genes, there is no larval homeotic transformation of the labial segment corresponding to the absence of Scr. Loss of Scr eliminates structures generated by the labial segment—the salivary glands and the bridge of the H-piece (Panzer et al. 1992).

Both the expression and function of the Scr homologue appear conserved in Tribolium (Curtis et al. 2001 DeCamillis et al. 2001). The Cephalothorax (Cx) gene is approximately 22 Kb in size and contains three exons. Cx is flanked by TcDfd and TcFtz, as in Drosophila, and it produces a single 1.9 Kb transcript. Cx is expressed as the germ band rudiment condenses, in the ectoderm of parasegment 2 (posterior maxillary/anterior labial). As development continues, Cx transcripts accumulate strongly in the mesoderm of the first thoracic segment, and to a lesser degree, in the mesoderm of the second and third thoracic segments. As the appendages begin to form, Cx is expressed in the ectoderm of the labial appendage primordia. Finally, when the germ band is fully retracted, Cx transcripts are present at the base of the labial appendages, in a few cells in the in the mandibular mesoderm, in a few cells in the posterior compartment of the maxillary limb, the anterior dorsal portion of the first thoracic segment, and in a segmentally repeated pattern in the developing central nervous system (Curtis et al. 2001).

Genetic analysis and RNAi was used to study the role of the Scr homologue, Cephalothorax (Cx), in Tribolium. There are two classes of mutations in the Cx gene of Tribolium (Beeman et al. 1989 Curtis et al. 2001). RNAi was used to determine which is likely to be the null phenotype, and this is a transformation of the labium to antennae and a fusion of the first thoracic segment to the head (Curtis et al. 2001). Interestingly, the labium to antennae transformation is observed in Drosophila adults only when both pb and Scr are removed (Percival-Smith et al. 1997). The second class of Cx phenotype is more complicated, causing the labium to acquire a maxillary identity, and a duplication of the first thoracic segment (Beeman et al. 1989). The reason for this transformation is yet unclear.

expression are lethal and accompanied by gross morphological defects, and even when viable adults are produced, fitness is may be greatly effected. Therefore, strict spatial and temporal control of the Hom-C selector genes is critical to normal body patterning.

The Hom-C genes’ clustered genomic structure and co-linear expression are rather unique in their strong conservation across phyla. This raises the question—why are the Hom-C/Hox genes found in such highly conserved arrangements, and is this a requirement for their expression and function? Studies in vertebrates reveal shared Hox regulatory regions and indicate that changes in the arrangement of the complex can impact the expression of multiple Hox genes (Gould et al. 1997 Sharpe et al. 1998). That splits in the Hom-C/Hox cluster have only been observed (thus far) in (Von Allmen et al. 1996 Adams et al. 2000 Negre et al. 2003 Negre et al. 2005) and in the nematode, Caenorhabditis elegans (Ruvkun and Hobert 1998), suggests a strong evolutionary constraint for the ordered Hom-C/Hox cluster, and perhaps a loosening of this constraint in these two organisms, in which shared Hom-C gene regulatory regions have not been identified. The conservation of ordered, clustered genomic organization may be required for the temporal and spatial co-linearity observed in Hom-C expression (van der Hoeven et al. 1996 Kondo and Duboule 1999), although the mechanism underlying this requirement has yet to be determined (Kmita and Duboule 2003). In spite of these questions, some mechanisms of Hom-C gene regulation in Drosophila are understood.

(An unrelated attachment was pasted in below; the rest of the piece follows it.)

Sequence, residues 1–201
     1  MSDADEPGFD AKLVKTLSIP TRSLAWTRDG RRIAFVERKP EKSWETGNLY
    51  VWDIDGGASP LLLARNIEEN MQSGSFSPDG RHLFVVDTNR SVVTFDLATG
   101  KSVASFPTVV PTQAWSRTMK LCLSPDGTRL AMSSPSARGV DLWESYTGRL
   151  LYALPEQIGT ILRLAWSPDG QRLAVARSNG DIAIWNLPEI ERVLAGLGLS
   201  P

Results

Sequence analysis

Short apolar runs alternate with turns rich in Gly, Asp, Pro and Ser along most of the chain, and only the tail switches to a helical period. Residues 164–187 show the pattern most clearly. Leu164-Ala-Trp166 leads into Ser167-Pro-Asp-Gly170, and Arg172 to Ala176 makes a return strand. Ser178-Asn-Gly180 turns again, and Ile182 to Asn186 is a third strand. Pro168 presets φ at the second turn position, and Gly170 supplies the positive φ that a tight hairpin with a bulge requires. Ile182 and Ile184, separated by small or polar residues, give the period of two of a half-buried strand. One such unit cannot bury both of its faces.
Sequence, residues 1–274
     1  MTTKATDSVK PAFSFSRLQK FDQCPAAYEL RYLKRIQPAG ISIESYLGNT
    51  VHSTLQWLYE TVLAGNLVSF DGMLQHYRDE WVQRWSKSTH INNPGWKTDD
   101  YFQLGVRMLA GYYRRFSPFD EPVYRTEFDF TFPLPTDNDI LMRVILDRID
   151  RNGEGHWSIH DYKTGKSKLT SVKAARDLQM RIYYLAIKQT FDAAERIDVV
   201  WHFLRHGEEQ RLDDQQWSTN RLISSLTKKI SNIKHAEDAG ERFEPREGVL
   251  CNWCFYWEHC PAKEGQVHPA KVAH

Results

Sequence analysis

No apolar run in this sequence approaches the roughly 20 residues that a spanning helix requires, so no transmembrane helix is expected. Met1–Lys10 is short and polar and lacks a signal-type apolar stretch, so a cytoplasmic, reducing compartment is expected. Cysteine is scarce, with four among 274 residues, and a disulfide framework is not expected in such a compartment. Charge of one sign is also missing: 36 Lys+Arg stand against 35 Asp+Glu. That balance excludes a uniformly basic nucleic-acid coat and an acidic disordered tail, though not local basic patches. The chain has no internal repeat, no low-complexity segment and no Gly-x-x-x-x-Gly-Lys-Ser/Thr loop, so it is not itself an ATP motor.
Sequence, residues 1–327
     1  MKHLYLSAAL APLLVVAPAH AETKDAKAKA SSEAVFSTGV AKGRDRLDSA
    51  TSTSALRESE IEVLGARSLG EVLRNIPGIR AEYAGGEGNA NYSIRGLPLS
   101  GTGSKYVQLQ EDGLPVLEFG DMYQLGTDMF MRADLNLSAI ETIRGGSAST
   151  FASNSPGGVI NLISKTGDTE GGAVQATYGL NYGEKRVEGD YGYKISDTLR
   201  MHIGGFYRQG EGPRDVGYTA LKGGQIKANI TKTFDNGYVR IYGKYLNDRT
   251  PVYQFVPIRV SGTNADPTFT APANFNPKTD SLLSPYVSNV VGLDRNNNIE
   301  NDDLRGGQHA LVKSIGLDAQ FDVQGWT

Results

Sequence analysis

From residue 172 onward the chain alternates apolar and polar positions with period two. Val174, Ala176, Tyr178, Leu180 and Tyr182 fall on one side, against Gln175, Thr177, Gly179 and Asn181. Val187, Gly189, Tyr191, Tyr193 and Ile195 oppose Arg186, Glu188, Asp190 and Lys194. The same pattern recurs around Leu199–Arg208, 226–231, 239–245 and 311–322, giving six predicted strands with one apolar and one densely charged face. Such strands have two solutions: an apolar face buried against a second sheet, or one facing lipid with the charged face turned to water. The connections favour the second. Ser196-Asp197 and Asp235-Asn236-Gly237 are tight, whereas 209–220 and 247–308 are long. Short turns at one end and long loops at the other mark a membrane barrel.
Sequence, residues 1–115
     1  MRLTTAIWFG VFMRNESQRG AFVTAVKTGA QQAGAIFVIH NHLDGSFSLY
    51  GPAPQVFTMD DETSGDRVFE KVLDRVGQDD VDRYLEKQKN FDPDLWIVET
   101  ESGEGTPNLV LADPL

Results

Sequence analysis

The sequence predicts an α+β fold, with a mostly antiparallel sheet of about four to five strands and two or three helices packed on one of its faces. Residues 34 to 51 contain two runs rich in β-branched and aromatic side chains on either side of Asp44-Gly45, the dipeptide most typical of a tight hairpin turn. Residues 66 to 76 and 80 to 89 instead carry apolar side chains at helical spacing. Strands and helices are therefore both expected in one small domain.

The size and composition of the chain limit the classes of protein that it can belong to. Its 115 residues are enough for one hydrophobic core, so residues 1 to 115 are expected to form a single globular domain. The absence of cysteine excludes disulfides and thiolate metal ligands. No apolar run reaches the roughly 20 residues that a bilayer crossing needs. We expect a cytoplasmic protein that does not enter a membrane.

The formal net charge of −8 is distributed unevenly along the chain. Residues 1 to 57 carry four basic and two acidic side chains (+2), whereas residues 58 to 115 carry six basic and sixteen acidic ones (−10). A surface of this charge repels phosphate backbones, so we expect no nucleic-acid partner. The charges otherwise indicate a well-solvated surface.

Initiation of Dfd and Scr expression in Drosophila

In the Drosophila embryo, the establishment of early Hom-C expression occurs during the syncitial or early cellular blastoderm stage and is controlled by the early upstream gap and segmentation gene products. Several studies have demonstrated regulation of Dfd and Scr expression by these early acting gene products and other factors.

Early Dfd activity is not significantly affected by changes in the zygotic gap genes, but mutations in the pair-rule genes do affect Dfd expression (Jack et al. 1988). Mutations in hairy, runt, even-skipped (eve), fushi tarazu (ftz), paired (prd), odd-paired (opa), odd-skipped (odd), and engrailed (en) all effect Dfd expression. odd and ftz mutants allow a spatial expansion of Dfd expression, indicating negative regulation of Dfd by these gene products. The remaining mutants contract Dfd expression by varying degrees, indicating a role in the early activation of Dfd. Some gap gene input into Dfd regulation has been reported. Embryos lacking the gap gene, tailless (tll), exhibit a transient ectopic patch of Dfd, just anterior to its normal expression domain in the cephalic furrow anlagen, and this patch is though to contribute to the enlargement of the dorsal ridge at the expense of the optic lobe (Reinitz and Levine 1990). This may occur through the action of ftz, which is also mis-expressed in tll mutants. Jack and McGinnis explored the combinatorial effects of the maternal effect gene bicoid (bcd), the gap gene hunchback (hb), and the pair-rule gene eve, on Dfd expression (Jack and McGinnis 1990). In their model, the Dfd regulatory sequence integrates three levels of the embryonic segmentation hierarchy—an intermediate concentration of the maternal gene, bcd in combination with the gap gene, hb and the pair rule genes eve and ftz—to achieve the appropriate activation and positioning of Dfd. Each of these genes encode transcription factors, thus their effect on Dfd transcription may be direct.